According to experts, self-sabotage can also occur for many more subtle reasons like low self-worth, fear of failure, or fear of trying something new. If you are feeling “energetic determination” then these negative feelings may not creep in so easily. Therefore, to fight off sabotage, it is vital to boost your willpower. A stronger will can help you reach your goals without giving up.

What You Can Do to Boost Willpower

Try these 7 proven methods to help you replenish your willpower fuel tank, which will help you power through your healthy eating goals.

  • Minimize your life: If you make your everyday decisions more complicated, you burn off valuable willpower. Therefore, to save your willpower for important goals like healthy eating, simplify your life in every way you can. One way is to minimize and simplify your wardrobe. Pick a small group of staple pieces, so you don’t have to spend so much time deciding what to wear.  In a similar way, base your healthy eating regimen around a small group of meal and snack ideas that you can rotate each week. This not only makes grocery shopping less overwhelming, but also meal planning, tracking, and preparation. Less choices for meals will reduce the number of decisions you have to make when it comes to meal time, and save your brain power for fighting off temptation.
  • Focus on one goal at a time: Instead of trying to lose weight, start a fitness program, and quit smoking or drinking all at the same time, start with one goal to take on first. Experts say that focusing on one goal at a time will allow you to devote more energy to achieving that goal, giving you a better chance of succeeding. Then, that success will free up willpower for the next goal.

  • Track your eating: You’ve probably heard this one before, but you may be underestimating how helpful it is. Tracking your behavior forces you to put more care and thought into it, and can help you stay in the moment, so you can focus on the goal at hand. By looking at what you’re doing each step of the way towards your goal, you can stop sabotage in its tracks.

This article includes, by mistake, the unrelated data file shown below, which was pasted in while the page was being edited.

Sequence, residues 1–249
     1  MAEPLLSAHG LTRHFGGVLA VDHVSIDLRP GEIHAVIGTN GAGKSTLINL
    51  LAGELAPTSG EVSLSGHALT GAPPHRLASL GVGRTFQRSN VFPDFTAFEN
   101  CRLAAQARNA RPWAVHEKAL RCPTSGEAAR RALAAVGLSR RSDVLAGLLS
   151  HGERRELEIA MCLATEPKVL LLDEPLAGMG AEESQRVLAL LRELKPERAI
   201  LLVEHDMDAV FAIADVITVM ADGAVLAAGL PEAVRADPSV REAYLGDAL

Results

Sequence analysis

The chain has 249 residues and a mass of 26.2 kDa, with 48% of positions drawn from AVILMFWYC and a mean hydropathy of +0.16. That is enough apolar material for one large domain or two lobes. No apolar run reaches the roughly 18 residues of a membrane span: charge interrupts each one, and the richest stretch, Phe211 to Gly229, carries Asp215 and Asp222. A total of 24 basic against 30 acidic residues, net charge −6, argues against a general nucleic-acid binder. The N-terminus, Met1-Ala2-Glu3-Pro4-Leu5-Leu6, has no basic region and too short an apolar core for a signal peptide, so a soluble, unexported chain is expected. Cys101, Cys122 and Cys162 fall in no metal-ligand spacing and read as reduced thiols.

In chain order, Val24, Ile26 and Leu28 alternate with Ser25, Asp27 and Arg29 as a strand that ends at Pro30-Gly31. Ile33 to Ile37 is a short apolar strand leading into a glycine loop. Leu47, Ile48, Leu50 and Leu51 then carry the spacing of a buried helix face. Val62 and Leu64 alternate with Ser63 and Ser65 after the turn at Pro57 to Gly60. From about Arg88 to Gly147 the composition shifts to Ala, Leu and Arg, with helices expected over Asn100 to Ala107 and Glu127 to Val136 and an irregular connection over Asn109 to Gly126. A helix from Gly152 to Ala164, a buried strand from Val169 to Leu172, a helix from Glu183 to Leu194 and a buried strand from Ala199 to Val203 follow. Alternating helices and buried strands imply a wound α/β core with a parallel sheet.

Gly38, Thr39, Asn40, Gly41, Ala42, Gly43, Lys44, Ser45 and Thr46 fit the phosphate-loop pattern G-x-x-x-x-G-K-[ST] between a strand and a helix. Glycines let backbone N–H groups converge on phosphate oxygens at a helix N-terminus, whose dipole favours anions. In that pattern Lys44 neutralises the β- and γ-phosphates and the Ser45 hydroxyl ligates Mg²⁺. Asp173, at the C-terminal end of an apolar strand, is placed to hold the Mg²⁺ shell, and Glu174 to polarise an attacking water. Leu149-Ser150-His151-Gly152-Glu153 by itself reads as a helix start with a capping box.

• Train your brain:  Since your brain is the control center for willpower, training the brain is vital to its growth. You can train your brain through activities like scheduling your day, and setting up reminders, which can help you learn to build habits and boost willpower.
  • Sleep enough each night: The National Sleep Foundation recommends at least seven to nine hours of sleep each night for most adults. Without enough sleep, you could become vulnerable to distractions, which could weaken your willpower. If you have trouble sleeping, you should visit your healthcare provider to see if there may be a medical cause for it, such as sleep apnea. 

Bottom Line to Better Willpower

There are many ways to boost your willpower. We've talked about a few of them, but keep in mind that not all of them may work for everyone. Even after working to boost willpower, you may still experience slip-ups in your healthy eating. Don’t let a few slip-ups stop you from accomplishing your overall healthy eating goals and strengthening your willpower muscle. Forgive yourself, rest your brain each night with some quality shut-eye, and keep working each day to create new healthy habits. Over time your willpower will grow stronger and help you make your healthy eating goals a reality.

Search our shop